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Oldcourt – Garryduff, Co. Cork

One of the other days I made a walk at Oldcourt – Garryduff. I already have that on my list since I started to blog about walking. And believe me, it was hard to find. So near, but so hidden. My research source was Coillte.ie. It doesn’t matter which entrance you chose. A few meters off the road and you feel far away from the city. However, it is so close, almost around the corner. You probably won’t find this area, if you aren’t local. You will pass by, not knowing, that there is an entrance at all, because both entrances are outlined as private premises. But the best thing is: Both entrances can be reached by bus. Continue reading

Sun protection

In my last post, I took a walk along the beaches in Ballycotton. Wonderful weather attracted me. And because the sun has burned me a bit, it’s time to talk about sunscreen.

Never underestimate the sun in Ireland

A sunscreen with an adequate sun protection factor is a must have when walking along the waterfront. But first a few important facts about our skin:

Our skin has many functions:

  • Protection against the environment
  • Regulation of body temperature
  • Sensory function
  • Immune function
  • Communication
  • Production of vitamin D
  • It’s the biggest organ of our body

Why do we get a sunburn?

UV radiation is always particularly strong when it is very bright. This has nothing to do with summer or heat. Even at temperatures well below zero in the mountains, you can get a proper sunburn. The height is a factor, another the reflection of ice and snow. At the sea, we have the same phenomenon.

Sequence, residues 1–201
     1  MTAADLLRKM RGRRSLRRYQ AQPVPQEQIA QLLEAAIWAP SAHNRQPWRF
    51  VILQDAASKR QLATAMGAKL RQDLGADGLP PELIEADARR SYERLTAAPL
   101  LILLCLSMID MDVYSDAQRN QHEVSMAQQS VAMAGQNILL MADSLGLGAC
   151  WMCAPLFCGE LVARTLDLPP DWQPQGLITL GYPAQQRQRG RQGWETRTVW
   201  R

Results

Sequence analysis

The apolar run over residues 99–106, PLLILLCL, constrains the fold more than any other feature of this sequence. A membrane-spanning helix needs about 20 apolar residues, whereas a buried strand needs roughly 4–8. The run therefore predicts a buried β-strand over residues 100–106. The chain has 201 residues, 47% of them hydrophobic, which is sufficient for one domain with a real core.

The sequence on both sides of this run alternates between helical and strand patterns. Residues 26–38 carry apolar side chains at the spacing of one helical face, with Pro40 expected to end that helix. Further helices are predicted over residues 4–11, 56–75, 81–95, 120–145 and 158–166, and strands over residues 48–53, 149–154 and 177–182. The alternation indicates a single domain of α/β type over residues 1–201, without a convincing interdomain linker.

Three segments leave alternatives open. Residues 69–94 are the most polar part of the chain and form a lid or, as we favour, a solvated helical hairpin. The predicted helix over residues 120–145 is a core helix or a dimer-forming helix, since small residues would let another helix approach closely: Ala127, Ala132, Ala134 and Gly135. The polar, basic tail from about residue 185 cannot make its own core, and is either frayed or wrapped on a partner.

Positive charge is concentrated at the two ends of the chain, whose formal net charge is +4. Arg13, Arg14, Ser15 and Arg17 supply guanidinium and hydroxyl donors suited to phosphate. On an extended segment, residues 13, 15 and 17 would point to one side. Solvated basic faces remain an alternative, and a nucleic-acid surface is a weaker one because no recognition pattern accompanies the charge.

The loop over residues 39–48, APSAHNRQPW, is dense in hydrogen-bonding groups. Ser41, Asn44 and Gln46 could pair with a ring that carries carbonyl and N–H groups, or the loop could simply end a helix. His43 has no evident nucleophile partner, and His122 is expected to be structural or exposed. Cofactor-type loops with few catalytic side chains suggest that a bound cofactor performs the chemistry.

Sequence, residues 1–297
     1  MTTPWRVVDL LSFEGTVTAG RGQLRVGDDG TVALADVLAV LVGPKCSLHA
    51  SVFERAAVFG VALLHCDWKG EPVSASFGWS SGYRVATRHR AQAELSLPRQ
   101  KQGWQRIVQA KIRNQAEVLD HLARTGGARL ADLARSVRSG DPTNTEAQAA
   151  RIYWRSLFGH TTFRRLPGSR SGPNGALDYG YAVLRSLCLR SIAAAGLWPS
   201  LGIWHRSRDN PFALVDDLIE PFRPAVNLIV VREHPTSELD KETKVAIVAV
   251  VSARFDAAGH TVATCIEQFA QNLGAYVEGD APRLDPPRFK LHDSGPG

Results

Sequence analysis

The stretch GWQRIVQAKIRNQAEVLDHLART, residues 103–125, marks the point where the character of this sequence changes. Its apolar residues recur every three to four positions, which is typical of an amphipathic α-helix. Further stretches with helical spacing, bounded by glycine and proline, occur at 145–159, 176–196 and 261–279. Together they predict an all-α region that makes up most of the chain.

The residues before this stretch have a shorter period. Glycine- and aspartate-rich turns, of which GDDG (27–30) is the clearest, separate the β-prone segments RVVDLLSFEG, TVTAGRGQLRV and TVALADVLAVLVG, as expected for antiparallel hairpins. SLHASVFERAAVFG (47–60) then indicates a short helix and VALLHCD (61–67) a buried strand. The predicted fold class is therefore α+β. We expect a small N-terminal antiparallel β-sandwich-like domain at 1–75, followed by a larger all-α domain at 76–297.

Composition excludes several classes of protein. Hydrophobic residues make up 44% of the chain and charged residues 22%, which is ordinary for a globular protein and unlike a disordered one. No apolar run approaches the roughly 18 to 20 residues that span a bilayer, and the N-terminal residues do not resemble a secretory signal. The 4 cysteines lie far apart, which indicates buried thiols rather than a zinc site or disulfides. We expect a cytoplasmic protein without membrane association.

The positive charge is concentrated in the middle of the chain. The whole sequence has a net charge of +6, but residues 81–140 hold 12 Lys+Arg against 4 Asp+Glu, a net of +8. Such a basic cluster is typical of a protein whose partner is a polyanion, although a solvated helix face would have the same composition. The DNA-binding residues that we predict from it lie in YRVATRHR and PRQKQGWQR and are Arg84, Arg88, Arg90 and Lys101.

Especially dangerous for the skin is an intense sun exposure. This can happen right now because, in the winter, the sun has rarely shown. The skin is hardly used to the sun. But the long-awaited sunshine now leads to excessive sunshine.

In adults, there is a self-protection of the skin, which results from the pigmentation and a thickening of the horny layer. Thus, a portion of the radiation is trapped in the uppermost layers of skin and can do no harm. However, when our skin is not used to the sun e.g. because of a long winter, the portion of radiation we can deal with, is very low the first sunny days.

And it’s very different with children. Their skin is many times thinner and more sensitive. The self-protection of our skin is formed only from the second year of life. About 80 percent of the UV radiation the skin has to cope with over the course of life, will be absorbed up to the age of 20 and leads to the formation of birthmarks and, in the worst case, skin cancer. Therefore, there’s no doubt about, that children’s skin needs a specific protection against excessive sunlight.

Rules for a good experience in the sun

Additionally, snow, ice, and water reflect the UV radiation. In addition to the direct radiation from the sun, the reflected portion leads to a significantly higher UV exposure. Therefore, special precautions apply here:

  • Use sunscreen with a high sun protection factor even in fog or overcast skies.
  • Use sunblock for lips, nose, ears or sensitive skin.
  • Wear sunglasses
  • For children and adults, there are different types of creams available to protect their skin. The safest way to protect your skin might be the use of creams based on these 2 ingredients: Zinc Oxide and Titanium Dioxide. They don’t irritate the skin as other creams might do. However, have a look if it is combined with a UV-filter. The ingredients themselves don’t protect from the sun.

 

And now have much fun with the first sun rays in the next upcoming days! It’s so necessary to get a bit natural vitamin D.